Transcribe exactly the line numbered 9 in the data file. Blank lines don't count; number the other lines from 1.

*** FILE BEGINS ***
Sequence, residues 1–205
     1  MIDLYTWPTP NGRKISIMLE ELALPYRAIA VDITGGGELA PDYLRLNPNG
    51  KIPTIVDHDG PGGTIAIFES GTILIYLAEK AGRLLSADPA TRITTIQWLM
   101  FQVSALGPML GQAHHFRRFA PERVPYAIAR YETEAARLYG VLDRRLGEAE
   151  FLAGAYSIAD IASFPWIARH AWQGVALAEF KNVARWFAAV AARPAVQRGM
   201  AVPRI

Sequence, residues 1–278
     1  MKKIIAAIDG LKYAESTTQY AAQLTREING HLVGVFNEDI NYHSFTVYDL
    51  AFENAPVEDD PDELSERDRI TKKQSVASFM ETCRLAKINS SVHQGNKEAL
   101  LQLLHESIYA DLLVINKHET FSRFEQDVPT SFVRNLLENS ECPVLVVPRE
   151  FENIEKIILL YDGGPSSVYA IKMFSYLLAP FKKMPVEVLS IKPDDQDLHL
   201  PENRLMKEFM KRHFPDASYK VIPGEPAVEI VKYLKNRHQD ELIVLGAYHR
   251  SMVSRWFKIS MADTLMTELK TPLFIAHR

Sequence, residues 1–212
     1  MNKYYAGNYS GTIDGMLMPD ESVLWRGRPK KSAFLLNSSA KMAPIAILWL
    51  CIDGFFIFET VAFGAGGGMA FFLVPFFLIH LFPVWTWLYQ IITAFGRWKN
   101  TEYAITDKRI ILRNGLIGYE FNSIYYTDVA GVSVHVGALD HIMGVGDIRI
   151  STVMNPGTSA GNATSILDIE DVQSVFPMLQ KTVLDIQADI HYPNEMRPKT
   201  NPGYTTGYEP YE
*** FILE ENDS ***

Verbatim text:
    51  AFENAPVEDD PDELSERDRI TKKQSVASFM ETCRLAKINS SVHQGNKEAL